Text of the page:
'I hear that Ladies think it delightful reading, but that it does not do to talk about it, which no doubt promotes the sale.' For the first time online you can now read the full texts of nearly 800 letters Darwin wrote and received during 1871, the year in which his controversial first public statement on human evolution was published. The extraordinary number of letters reflects the excitement the book – Descent of man and selection in relation to sex – caused. All 2500 copies of the first printing sold immediately, and 5000 more copies were published during the year.
'As for Mr Darwin, he is entirely fascinating…' In October 1868 Jane Gray and her husband spent several days as guests of the Darwins, and Jane wrote a charming account of the visit in a sixteen-page letter to her sister. She described Charles and Emma Darwin, their daughter Henrietta, Down House and its grounds, the daily routine of the household, and her own part in one of Darwin’s experiments.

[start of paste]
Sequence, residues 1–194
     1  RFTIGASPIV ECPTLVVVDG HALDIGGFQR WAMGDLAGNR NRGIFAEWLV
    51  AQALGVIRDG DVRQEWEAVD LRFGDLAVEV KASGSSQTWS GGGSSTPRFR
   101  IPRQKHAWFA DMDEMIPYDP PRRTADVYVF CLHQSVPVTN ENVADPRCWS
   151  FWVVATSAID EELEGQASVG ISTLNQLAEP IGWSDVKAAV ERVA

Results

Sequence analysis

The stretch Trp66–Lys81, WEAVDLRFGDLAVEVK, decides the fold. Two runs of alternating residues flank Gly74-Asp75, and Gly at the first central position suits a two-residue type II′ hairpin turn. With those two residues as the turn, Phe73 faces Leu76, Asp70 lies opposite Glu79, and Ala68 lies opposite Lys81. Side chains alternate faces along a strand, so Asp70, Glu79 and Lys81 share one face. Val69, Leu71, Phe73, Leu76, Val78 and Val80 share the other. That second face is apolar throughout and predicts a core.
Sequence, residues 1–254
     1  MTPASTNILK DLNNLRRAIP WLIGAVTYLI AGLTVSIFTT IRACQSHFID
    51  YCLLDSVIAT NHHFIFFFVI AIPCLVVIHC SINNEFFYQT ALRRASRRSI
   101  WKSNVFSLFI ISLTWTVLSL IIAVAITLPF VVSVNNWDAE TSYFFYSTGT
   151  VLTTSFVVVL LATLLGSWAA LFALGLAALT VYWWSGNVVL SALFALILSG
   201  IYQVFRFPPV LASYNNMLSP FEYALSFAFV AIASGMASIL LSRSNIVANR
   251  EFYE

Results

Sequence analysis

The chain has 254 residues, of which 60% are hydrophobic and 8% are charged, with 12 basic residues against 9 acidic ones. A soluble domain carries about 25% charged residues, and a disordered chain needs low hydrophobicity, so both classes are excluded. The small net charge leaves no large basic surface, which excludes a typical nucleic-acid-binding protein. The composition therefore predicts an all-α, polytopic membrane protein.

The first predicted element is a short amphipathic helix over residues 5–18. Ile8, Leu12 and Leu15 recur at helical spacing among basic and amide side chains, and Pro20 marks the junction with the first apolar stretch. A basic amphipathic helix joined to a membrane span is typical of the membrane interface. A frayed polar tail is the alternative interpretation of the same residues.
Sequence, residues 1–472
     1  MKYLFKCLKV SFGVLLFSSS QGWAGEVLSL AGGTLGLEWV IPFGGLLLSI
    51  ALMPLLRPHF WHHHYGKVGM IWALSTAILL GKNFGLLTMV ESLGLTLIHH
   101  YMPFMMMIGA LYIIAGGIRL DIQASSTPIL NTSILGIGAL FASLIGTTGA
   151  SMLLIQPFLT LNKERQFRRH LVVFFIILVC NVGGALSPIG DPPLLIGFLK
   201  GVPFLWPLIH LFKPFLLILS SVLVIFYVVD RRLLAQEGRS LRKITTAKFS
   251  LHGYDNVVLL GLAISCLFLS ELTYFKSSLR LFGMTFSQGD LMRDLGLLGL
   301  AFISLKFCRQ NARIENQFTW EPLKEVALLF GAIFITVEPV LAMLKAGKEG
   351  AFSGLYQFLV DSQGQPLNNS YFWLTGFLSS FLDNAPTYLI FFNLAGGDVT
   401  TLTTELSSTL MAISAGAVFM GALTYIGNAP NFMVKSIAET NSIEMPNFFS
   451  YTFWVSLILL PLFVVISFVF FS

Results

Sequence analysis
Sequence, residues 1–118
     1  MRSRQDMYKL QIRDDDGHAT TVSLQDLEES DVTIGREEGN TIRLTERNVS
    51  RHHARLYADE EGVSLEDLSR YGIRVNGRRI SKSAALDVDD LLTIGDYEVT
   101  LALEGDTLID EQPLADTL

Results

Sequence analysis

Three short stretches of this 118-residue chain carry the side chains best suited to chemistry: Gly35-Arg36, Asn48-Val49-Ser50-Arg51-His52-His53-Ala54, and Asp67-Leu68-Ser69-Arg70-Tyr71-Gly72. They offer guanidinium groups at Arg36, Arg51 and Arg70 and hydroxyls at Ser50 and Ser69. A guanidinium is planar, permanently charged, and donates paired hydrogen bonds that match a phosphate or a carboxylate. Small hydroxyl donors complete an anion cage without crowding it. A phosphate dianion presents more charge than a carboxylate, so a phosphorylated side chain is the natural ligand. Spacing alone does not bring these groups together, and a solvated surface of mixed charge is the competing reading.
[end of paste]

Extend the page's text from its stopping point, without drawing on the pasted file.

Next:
Darwin is often quoted – and often misquoted. Here are some sayings regularly attributed to Darwin that never flowed from his pen. And one thing Darwin did say, but which is often quoted out of context to suggest, quite wrongly, that he had doubts about the validity of his theories.
For all his working life, Darwin used letters as a way both of discussing ideas and gathering the ‘great quantities of facts’ that he used in developing and supporting his theories. They form a fascinating collection from many hundreds of correspondents, containing diagrams and drawings, personal observations, photographs, and even specimens.
Read and search the full texts of more than 8,500 of Charles Darwin’s letters, and ﬁnd information on 6,500 more. Discover complete transcripts of all known letters Darwin wrote and received up to the year 1871.